The Complete Works Of Yunus Emre

In The Words Of Poet Cemal Süreyya, Yunus Emre Wrote With The Baby Teeth Of The Turkish Language. Now His Complete Works As Well The Poems Of Aşik Yunus, A Minstrel Poet Whom He Inspired, Have Been Published In A Single Volume Titled ‘Divan-I İlâhîyât’.

Mustafa Tatçı, who is known for his studies of Turkish mystic literature and the many works he has preserved for our libraries, places special importance on Yunus Emre, about whom little documentation exists. In a weighty tome that brings Yunus Emre’s Dîvân (Collected Poems) and Risaletü’n Nushiyye (Book of Counsel) together with the poems of Aşık Yunus, Tatçı has penned comprehensive articles that examine Yunus Emre’s life, works, language, intellectual outlook and art as well as their influence on our literature. And that’s not all. Also included in the book is a special study of the other Yunus, a minstrel poet who, linking his name with that of the great mystic, penned verses under the sobriquet Aşık Yunus. Reading this collection of poetry, considered to be among the classic masterpieces of Turkish literature, in the company of an expert like Mustafa Tatçı, presents an opportunity for an inspiring journey into the world of Yunus Emre.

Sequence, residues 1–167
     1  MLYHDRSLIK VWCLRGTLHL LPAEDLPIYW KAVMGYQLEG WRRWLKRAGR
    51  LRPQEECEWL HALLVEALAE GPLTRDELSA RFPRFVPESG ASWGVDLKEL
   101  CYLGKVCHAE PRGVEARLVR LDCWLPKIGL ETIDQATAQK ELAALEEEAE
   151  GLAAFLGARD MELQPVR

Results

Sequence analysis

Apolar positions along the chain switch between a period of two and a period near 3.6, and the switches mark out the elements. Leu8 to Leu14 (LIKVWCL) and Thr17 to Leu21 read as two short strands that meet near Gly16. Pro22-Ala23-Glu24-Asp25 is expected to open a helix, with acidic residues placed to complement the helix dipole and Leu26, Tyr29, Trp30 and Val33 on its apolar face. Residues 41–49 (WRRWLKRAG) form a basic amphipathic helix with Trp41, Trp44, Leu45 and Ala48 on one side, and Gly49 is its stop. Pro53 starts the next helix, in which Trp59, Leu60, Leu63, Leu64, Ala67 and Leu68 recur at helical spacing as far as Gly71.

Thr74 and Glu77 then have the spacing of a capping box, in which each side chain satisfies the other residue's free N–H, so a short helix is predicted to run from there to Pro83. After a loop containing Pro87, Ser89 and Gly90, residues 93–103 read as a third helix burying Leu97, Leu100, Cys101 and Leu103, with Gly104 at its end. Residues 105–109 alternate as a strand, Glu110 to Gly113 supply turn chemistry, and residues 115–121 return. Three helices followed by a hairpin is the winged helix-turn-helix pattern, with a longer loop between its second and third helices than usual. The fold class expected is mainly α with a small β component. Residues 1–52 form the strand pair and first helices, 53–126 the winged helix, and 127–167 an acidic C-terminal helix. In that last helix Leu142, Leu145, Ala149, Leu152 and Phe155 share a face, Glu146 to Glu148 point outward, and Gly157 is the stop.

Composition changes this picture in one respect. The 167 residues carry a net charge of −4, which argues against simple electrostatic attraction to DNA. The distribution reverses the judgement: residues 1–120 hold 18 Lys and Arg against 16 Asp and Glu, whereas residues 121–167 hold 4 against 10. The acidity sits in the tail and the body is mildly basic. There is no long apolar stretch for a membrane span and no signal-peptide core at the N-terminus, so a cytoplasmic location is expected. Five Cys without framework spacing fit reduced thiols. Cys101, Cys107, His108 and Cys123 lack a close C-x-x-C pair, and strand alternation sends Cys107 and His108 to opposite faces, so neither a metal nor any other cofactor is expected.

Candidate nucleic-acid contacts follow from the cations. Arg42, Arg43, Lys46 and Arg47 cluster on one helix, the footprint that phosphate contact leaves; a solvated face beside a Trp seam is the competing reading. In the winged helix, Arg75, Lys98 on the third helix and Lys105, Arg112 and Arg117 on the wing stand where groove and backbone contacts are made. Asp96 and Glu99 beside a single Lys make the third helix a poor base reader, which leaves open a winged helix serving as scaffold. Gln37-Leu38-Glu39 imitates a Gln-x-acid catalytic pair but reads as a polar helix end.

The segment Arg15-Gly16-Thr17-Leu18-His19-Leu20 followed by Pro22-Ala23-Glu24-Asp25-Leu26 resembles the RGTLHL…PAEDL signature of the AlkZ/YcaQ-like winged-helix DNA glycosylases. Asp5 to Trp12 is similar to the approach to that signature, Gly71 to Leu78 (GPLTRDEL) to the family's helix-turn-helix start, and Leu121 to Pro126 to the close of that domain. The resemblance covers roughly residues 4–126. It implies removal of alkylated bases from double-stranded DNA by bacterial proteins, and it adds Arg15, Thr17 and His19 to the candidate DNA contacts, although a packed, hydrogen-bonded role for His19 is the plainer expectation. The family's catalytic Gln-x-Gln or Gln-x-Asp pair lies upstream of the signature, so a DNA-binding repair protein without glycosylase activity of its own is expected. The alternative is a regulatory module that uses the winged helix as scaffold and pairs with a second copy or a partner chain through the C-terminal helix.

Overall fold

A GUIDE TO KEMAL TAHİR
In his book, People of a Captive City: Kemal Tahir, Sezai Coşkun analyzes one of Turkey’s most prominent novelists through his life, works and ideas. One of Turkey’s most controversial contemporary novelists, Kemal Tahir advised young people to keep an open mind that questions everything and learns it anew from the beginning. And he followed his own advice, even at the risk of alienating his close circle and like-minded colleagues. Sezai Coşkun’s book offers a rare opportunity for a close acquaintance with the intellectual concerns that shaped the life and novels of Kemal Tahir, who authored such celebrated works as Mother State, Parting of the Ways, and Law of the Wolves.

WHY YUNUS EMRE?
“It was like a voice coming to me from myself; that’s why I loved it. Then one day I learned that everyone - learned, unlearned, sheikh, infidel and believer - from Azerbaijan to the Balkans knows by heart this great poet, who has held sway over the hearts of the Turkish-speaking countries for seven centuries, and I was not surprised.” Burhan Toprak (Art historian)